So for ribs, I hit up YouTube and the internet like usual, and I frequently encountered the "3-2-1 method" and/or the "2-2-1 method”. Throw the ribs on for 3 or 2 hours depending on the cut of meat, then wrap it up in foil with some beer & other stuff and put that on for 2 hours, then another hour out of the foil. This advice is all over the place online, and tutorial videos about it abound. So I tried this with my first rack of babybacks. I put 'em on for 2 hours, wrapped in foil and put some beer + brown sugar & stuff in there with them and put that on for 2 hours, then a final hour out of the foil again. The results were...underwhelming. Not awful but not what I expected from ribs. They were kinda mushy, they'd felt as if they'd almost been steamed or boiled or something. I wasn't demoralized or deflated, but I knew they could have (should have!) been a lot better so I just started watching a lot more videos and reading more.

    The breakthrough came when I saw a video where a guy did it for like 2.5 hours initially, then 1.25 hours only in foil, then out of the foil to finish. I tried this, only an hour and a quarter in foil and the result was noticeably better. I started doing my ribs with less time in the foil, and they started getting tastier. The trend was obvious, so I hit the internet researching the issue. That's how I found this site. I stumbled across Meathead's "Famous Last Meal Ribs" recipe, and I dove into a lot of the other links and resources on this site including how to know the ribs are done, and a whole lot of other stuff. One reason I was doing ribs research at this time, is that my wife and I were having two friends up for the holidays (this was yesterday), and I had bought two racks of babyback ribs from the local butcher that I was gonna smoke for them.

    I decided to forego the foil entirely, as suggested by the Famous Last Meal recipe, and I followed it to the letter. My god, they were the best racks I ever done. They were delicious, truly amazing...our friends were blown away! It was a great night, we had good drinks, my wife had made some collard greens & cornbread to go with it, everyone had a full belly & a smile on their face. At one point during supper they started asking me about "what is Georgia BBQ like compared to other regions?" which confused me as I had no idea why they'd ask me this or how I would answer. I was kinda perplexed by the question honestly. Then it hit me...the ribs were so damn good they assumed I was some kind of expert or pitmaster or something, LMAO! I told them I didn't really know, wasn't an expert, just a home cook who could follow directions online haha.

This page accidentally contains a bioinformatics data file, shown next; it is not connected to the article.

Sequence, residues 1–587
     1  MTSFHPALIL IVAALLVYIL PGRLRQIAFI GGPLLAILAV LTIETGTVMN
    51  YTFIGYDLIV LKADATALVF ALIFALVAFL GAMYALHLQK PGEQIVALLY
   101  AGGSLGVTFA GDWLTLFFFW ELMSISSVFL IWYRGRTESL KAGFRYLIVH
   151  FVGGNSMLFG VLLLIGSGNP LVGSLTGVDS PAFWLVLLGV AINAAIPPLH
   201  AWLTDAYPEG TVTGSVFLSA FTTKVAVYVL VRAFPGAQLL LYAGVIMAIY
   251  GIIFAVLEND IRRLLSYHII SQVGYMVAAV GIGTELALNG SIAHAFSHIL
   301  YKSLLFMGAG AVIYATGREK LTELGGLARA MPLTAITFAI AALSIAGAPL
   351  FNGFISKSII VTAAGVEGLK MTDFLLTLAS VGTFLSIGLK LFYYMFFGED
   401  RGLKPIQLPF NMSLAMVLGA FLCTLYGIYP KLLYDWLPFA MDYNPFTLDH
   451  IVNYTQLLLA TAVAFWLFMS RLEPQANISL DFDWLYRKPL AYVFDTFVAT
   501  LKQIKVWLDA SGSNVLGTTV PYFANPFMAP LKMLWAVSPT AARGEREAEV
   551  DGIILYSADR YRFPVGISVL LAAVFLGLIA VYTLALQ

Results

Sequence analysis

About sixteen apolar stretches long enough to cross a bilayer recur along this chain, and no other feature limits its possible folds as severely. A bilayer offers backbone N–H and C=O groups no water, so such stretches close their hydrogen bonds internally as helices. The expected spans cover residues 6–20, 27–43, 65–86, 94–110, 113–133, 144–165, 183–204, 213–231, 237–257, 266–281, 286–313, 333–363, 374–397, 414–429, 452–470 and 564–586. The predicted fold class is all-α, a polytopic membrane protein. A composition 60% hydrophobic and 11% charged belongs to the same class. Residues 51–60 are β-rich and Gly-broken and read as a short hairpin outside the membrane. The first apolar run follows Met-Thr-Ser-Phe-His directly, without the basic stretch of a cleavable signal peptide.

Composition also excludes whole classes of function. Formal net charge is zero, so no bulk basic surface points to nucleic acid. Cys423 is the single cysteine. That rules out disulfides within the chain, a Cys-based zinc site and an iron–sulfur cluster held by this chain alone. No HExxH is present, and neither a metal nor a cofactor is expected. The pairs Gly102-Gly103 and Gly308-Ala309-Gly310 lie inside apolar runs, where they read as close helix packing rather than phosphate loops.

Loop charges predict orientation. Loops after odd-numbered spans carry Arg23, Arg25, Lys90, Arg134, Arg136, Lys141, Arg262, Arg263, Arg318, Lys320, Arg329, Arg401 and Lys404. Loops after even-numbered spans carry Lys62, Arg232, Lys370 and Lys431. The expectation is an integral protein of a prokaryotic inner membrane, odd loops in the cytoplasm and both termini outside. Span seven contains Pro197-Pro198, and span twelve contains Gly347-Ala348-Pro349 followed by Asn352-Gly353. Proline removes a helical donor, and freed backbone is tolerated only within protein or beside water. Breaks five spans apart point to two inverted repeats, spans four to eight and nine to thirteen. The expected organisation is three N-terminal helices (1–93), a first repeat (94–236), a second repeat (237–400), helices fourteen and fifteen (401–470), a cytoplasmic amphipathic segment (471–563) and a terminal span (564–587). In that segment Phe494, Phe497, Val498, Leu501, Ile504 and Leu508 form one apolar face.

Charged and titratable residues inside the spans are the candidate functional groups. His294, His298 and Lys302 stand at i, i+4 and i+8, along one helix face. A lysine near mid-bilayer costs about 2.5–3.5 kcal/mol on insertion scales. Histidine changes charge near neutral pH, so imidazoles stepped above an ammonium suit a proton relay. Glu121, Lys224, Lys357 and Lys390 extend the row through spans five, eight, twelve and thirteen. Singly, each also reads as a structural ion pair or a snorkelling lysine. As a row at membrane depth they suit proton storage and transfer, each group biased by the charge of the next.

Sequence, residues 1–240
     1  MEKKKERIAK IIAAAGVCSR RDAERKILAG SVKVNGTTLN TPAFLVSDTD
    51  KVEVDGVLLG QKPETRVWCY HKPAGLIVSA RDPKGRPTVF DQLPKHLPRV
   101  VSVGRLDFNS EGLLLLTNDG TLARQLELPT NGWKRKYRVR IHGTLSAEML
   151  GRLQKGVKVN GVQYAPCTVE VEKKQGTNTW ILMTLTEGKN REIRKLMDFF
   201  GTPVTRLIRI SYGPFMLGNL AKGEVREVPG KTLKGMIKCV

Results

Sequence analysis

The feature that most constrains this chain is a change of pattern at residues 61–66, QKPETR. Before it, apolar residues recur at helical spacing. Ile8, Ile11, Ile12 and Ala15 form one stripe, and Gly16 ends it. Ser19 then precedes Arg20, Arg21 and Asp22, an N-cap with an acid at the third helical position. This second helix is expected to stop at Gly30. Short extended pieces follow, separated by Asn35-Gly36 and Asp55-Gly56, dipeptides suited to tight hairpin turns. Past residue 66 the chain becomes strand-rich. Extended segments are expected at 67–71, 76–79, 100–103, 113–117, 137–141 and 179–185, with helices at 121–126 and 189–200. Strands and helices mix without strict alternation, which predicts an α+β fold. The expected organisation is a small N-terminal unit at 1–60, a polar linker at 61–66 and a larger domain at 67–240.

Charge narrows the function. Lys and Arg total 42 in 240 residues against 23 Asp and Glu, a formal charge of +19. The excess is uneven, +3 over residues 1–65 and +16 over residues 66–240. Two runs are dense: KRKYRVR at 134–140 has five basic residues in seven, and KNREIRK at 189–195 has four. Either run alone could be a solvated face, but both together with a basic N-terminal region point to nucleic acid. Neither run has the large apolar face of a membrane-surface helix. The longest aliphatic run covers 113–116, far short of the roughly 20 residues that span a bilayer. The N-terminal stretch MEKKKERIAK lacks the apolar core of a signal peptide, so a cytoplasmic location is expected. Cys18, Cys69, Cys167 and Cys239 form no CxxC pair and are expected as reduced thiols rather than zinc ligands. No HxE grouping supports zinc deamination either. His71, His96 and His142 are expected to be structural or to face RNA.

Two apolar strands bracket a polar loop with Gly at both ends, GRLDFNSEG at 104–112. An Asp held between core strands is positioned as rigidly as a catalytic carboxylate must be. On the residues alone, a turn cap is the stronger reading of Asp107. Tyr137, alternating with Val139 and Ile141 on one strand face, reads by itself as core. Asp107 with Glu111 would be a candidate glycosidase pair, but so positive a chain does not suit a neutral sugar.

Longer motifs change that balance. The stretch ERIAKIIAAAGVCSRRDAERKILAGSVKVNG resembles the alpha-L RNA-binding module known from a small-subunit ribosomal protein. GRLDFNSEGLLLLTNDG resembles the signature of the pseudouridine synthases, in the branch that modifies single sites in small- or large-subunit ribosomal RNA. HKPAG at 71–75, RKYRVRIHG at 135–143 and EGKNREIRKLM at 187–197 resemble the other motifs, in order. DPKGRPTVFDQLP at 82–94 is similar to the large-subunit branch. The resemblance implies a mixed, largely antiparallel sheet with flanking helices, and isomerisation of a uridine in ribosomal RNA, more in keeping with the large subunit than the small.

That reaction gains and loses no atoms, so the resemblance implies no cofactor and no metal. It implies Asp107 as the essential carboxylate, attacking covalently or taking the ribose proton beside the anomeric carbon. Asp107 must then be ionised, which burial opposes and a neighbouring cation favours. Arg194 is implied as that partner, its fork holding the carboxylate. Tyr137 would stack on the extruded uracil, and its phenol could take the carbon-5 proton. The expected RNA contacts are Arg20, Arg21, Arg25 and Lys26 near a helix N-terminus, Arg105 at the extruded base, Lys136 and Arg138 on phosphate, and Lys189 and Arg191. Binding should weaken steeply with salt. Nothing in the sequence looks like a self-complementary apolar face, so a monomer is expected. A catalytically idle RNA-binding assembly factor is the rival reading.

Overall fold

So I wanted to make an account here, and share all of this. Sorry the post was so long, but I was really passionate about sharing all this and I can't wait to get more into this site and this forum. I intend to sign up for the yearly subscription once I get my paycheck at the end of the month, and I look forward to getting to know y'all and learning a whole lot more. I included a pic of those ribs from yesterday. I took this picture right before I added the sauce to glaze at the very tail end. You can see, I put a small spattering of extra rub on, this was right before I sauced them. In case you're wondering, I cut both racks in half to make them fit easier over the drip/water pan. I don't know if that's necessary, but I figure it probably didn't hurt much. They sure were tasty!
    Attached Files
    Last edited by BradNorthGA; December 12, 2020, 10:32 PM.

    For my next thing I'm hoping to work on for the Big Green Egg, I was recently at Kroger and they were having their turkeys on sale at a deep discount (since Thanksgiving is over). I snagged this one for like 15 bucks. I am hoping to smoke it on the Big Green Egg, not really sure the best way to go about prepping and doing it -- would love some recipes and tips from y'all!
    Attached Files


      Hi and welcome from north Texas.
      And we have a winner! Longest post I’ve ever read. Your passion for smoking is great. I don’t have an egg, but I’ve never wrapped ribs. Good luck with the turkey. You’ll get plenty of free advice and direction here. Meathead has several article and recipes on turkey.


        Welcome from Colorado, Brad ...


          Hello from Chico, Ca!


            Take a look at this for the turkey



              Wow. What a great intro. I am so glad you are here and welcome from Chicagoland! Looking forward to seeing more of your cooks.


                Welcome from Farmville, Va...


                  Welcome to the pit from the bbq capital of New England, Massachusetts


                    Welcome from Wisconsin. Glad you could join us!
                    I love your enthusiasm and passion! Can't wait to hear more. Just remember, the rule here is, without pictures, it didn't happen. For instance, you say you got married, but I didn't see any wedding pics... Just saying.


                      Welcome from Virginia!


                        Howdy from Kansas Territory, Welcome to Th Pit!

                        Lookin forward to learnin along with, an from ya!


                          Welcome to the pit from Southern Illinois!


                            Welcome from Minnesota. Enjoy The Pit!


                              Welcome to the Pit from Dallas! I love my Big Green Egg, too!